Francie Nolan is a mix of Nolan and Rommely, but is also part just herself; she has traits that come from neither family that she acquires through her own observations and reading.
The chapter begins when Johnny and Katie are first married, living in Brooklyn and working as night janitors in a public school. They are very much in love and enjoy their time at night alone together. Then Katie gets pregnant and their blissful lives are tainted with worry.
The December night that Katie goes into labor, Johnny gets so worried and confused that he leaves to find comfort in his family. Falling asleep, he misses both the birth and his job. Francie is born with a caul, which supposedly indicates a child who will do great things. Johnny brings Katie two avocados, and begins to cry when he sees her, out of fear and angst. He does not tell her right away that he has been fired from his job for neglect. Katie feels terrible that he has to suffer so much.
They name Francie after Johnny's brother Andy's fiancée. Mary Rommely gives Katie all kinds of warm and good advice: Katie must read one page a day to her daughter from Shakespeare and the Protestant Bible. She must allow Francie to have imagination. Katie should start a money bank, where she will save a nickel a day so that one day she may own her own land. This is how Mary Rommely's children and grandchildren will live a better life than their parents—a dream that Mary believes is possible in the new world.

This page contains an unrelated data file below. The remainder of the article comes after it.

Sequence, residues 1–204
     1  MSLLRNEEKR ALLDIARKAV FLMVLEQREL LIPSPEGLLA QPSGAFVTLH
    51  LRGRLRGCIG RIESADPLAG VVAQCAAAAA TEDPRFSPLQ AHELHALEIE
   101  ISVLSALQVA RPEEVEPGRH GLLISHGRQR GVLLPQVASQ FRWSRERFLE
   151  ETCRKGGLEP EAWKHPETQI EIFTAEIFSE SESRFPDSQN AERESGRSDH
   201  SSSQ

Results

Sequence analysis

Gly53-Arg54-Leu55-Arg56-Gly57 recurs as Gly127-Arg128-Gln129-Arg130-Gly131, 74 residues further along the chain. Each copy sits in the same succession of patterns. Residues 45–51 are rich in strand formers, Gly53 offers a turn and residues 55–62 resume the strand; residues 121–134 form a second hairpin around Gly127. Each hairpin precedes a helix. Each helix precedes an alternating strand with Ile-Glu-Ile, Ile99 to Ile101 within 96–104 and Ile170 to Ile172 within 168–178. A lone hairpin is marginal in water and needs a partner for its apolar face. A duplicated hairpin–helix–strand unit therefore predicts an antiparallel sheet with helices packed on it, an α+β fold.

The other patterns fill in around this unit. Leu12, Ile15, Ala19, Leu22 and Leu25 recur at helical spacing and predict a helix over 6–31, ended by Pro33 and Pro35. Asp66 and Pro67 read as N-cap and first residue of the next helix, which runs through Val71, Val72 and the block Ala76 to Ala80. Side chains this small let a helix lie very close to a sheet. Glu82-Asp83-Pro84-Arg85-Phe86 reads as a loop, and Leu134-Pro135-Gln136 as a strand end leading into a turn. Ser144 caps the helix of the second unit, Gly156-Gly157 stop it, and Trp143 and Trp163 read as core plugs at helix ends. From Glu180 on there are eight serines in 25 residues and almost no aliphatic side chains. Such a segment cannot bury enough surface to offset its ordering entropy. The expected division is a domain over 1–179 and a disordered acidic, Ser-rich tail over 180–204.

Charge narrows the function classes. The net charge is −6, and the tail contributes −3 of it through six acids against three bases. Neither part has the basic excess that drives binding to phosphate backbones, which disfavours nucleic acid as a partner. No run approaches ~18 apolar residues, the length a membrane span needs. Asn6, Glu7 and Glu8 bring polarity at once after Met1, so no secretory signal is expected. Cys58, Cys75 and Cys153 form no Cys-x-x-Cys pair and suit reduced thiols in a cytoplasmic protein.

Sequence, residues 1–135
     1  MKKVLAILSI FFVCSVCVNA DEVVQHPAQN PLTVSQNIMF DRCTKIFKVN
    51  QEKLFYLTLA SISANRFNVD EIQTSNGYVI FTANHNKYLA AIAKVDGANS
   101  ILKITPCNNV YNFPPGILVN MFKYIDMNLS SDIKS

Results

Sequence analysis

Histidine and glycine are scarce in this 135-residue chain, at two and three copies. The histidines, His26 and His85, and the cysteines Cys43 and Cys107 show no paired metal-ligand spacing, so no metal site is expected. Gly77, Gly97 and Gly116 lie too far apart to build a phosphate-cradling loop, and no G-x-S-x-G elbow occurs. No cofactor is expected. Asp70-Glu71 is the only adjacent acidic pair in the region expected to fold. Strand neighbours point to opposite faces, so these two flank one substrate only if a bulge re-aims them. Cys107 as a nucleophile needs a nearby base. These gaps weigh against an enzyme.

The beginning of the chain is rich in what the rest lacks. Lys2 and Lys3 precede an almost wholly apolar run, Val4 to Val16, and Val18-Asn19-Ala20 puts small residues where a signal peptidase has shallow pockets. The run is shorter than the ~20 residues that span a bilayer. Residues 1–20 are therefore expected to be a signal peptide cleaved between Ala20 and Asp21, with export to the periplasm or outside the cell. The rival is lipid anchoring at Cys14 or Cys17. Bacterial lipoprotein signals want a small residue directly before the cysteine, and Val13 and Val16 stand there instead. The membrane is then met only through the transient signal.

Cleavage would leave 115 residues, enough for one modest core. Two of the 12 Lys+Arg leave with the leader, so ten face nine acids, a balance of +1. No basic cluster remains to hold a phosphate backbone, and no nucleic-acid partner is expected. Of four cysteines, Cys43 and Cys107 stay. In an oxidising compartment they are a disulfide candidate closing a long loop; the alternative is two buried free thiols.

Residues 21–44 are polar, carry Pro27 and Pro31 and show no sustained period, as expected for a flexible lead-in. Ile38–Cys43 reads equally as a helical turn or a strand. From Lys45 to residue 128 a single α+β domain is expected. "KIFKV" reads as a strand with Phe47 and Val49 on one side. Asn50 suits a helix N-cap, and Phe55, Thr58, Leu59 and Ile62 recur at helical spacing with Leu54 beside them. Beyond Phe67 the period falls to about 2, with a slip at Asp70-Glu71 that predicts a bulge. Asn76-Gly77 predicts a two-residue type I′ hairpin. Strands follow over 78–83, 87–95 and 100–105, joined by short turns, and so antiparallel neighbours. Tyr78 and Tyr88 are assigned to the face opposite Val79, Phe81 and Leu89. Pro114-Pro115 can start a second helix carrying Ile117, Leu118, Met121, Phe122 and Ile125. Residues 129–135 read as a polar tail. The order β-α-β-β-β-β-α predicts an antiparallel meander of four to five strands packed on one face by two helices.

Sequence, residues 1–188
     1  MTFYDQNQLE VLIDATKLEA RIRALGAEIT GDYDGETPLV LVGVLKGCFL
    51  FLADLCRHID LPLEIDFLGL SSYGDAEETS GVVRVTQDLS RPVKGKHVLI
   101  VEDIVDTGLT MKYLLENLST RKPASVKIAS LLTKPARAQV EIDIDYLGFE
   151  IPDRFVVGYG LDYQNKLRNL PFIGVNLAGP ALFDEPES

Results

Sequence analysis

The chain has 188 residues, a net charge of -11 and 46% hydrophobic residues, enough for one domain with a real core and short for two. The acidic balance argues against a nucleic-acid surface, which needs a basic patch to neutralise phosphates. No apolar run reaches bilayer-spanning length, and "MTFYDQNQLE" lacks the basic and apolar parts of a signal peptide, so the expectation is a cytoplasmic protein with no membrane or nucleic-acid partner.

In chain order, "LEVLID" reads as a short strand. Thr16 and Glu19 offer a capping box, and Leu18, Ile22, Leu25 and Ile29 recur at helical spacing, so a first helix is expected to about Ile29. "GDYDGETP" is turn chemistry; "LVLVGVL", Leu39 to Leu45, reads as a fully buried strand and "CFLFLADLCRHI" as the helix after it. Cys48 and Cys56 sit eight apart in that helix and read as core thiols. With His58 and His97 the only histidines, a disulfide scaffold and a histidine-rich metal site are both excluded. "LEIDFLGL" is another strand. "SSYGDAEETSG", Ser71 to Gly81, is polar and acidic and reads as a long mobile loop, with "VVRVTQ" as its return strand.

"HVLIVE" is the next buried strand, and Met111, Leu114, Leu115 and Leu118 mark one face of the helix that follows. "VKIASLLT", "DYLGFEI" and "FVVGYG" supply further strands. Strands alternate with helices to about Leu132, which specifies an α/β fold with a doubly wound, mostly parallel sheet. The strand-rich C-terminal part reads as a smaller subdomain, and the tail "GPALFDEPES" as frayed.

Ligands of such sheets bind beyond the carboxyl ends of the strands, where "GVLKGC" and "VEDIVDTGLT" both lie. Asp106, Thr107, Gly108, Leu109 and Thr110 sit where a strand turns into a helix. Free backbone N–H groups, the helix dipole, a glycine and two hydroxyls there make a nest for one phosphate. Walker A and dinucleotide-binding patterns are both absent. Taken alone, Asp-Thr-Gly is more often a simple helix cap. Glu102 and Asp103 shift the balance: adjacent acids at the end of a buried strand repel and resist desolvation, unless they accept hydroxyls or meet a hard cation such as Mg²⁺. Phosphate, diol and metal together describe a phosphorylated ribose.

Sissy visits, bringing lots of good food. She starts the bank for Katie, buys a Shakespeare collection from the library, and steals a Protestant Bible from the hotel where she's sleeping with her current lover.
These chapters are a flashback from the summer of 1912 in Book I. The omniscient point of view in this novel allows the author to give the reader information about Francie that even Francie herself may not know. Although we have already met Francie, and know about her life as an eleven-year-old girl, these chapters fill in the history before her birth. While chapters seven and eight both concern Katie Rommely's and Johnny Nolan's families a generation before, chapter eight ends by describing Francie. The narrator explains how Francie has inherited characteristics from each side of the family. This conclusion to the family history suggests that it is told for the specific reason of explaining to the reader why Francie is the way she is.